What is Recursion?
To understand recursion, you must first understand recursion.
Software development is full of recursive jokes like the one above. GNU, the open source software crucial to Linux, stands for 'GNU's Not Unix'. Joking aside, recursion is a very useful approach in programming. It can also have terrible side effects. Think of a computer trying to get the joke above. It is so literal-minded, it never gets to the punchline, ending up stuck in a self-reflective loop. This article will focus on the benefits of recursion, along with how to avoid its pitfalls.
Recursion in Action
In practical terms, recursion in programming is when a function calls itself in order to break down a task into smaller parts. Let's take a simple example and see how we might improve it with recursion
Jane is a girl scout who wants to sell some cookies. She starts by visiting all the houses on her street.
Let's code this in Python:
customers = ["House #1", "House #2", "House #3"] def sell_cookies_one_by_one(): for customer in customers: print("Selling cookies to", customer) sell_cookies_one_by_one()
Jane lives on a small street, so this simple approach works fine. However, she wants to expand her cookie selling empire to the whole town, perhaps even the country. How best to do this without getting over-whelmed? Let's imagine Jane can call on two more girl scouts to help her. Each of those girl scouts can call on two more to split the work further. To avoid infinite recursion, there is a limiting factor: no more calling on friends if the work can't be split any further; just sell to the house instead.
Let's write this out in pseudocode:
- Jane starts with the full total of houses to sell to. Four, in this example.
- Jane calls on two friends and halves the work between them.
- Each of the friends now has two houses to sell to. They each call two more friends and hand off the work to them.
- Now there are four girl scouts with a house to sell to.
You may have spotted the recursion in the pseudo-code, i.e. when Jane's friends do exactly what Jane does. There is also a halting condition to make sure the selling actually gets done. Let's see what this looks like in Python:
customers = ["House #1", "House #2", "House #3", "House #4"] # Each call is a decision to split work or actually sell. def sell_cookies_recursively(customers): # Girl Scout actually selling cookies if len(customers) == 1: customer = customers print("Selling cookies to", customer) # Otherwise calling two more girl scouts to do work. else: middle = len(customers) // 2 # integer division first_set_of_customers = customers[:middle] second_set_of_customers = customers[middle:] # Divide the work sell_cookies_recursively(first_set_of_customers) sell_cookies_recursively(second_set_of_customers) sell_cookies_recursively(customers)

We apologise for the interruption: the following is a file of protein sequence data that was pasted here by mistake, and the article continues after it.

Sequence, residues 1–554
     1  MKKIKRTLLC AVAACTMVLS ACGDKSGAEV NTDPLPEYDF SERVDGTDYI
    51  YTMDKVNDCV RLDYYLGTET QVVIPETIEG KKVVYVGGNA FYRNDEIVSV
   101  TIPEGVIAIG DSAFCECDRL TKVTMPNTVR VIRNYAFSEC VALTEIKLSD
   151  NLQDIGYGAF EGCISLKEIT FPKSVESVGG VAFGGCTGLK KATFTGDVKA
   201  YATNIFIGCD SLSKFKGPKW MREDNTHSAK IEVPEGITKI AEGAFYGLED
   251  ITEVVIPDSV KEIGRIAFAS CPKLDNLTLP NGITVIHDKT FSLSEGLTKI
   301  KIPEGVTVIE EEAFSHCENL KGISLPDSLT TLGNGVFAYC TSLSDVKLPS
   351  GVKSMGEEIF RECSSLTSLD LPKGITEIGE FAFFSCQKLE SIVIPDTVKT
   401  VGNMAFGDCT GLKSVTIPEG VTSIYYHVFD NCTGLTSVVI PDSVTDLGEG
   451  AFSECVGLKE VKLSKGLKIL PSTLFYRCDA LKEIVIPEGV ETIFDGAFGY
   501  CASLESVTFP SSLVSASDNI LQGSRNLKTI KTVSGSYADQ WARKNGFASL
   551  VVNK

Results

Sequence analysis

For ease of illustration, the example above only has four customers but it would work equally well for four thousand customers. The key thing to note is that the function calls itself and each time it makes a decision whether to halve the list of customers or to sell to a single house and stop calling further.
Let's conclude this discussion with a question that might come up in a coding job interview. You might be asked: "Starting at zero, give the value of any particular number in the Fibonacci sequence?"
First of all, what is the Fibonacci sequence? Although this mathematical concept has many applications today, it was first imagined by the Italian mathematician Fibonacci in the thirteenth century. His goal was to map the explosive reproductive rate of breeding pairs of rabbits. Looking at the data, his insight was that the number of rabbits in any given year was equal to the sum of the number of rabbits born in each previous year, starting with one pair of rabbits in the first year.
The Fibonacci sequence starts at 0 and 1 and then each number is a sum of the previous two numbers. I.e. 0, 1, 1, 2, 3, 5, 8
To put it mathematically, to get the number of rabbits born in any year n, we can use the following recursive formula:
Fn = Fn-1 + Fn-2
Starting with the base assumption of:
F0 = 0 and F1 = 1
Before looking at the solution below, why not try coding the answer yourself first?
def fibonacci_sum(n): # Special cases to stop function when necessary if n == 0: return 0 elif n == 1: return 1 # Otherwise sum the previous two numbers else: return fibonacci_sum(n-1) + fibonacci_sum(n-2) print(fibonacci_sum(6))
The above solution will return 8 as element number 6 (zero based) in the Fibonacci sequence. The special cases of zero and one prevent the recursive call from continuing indefinitely. As the code uses recursion to build up the sequence, the solution is short and concise and a fine illustration of the benefits of recursion.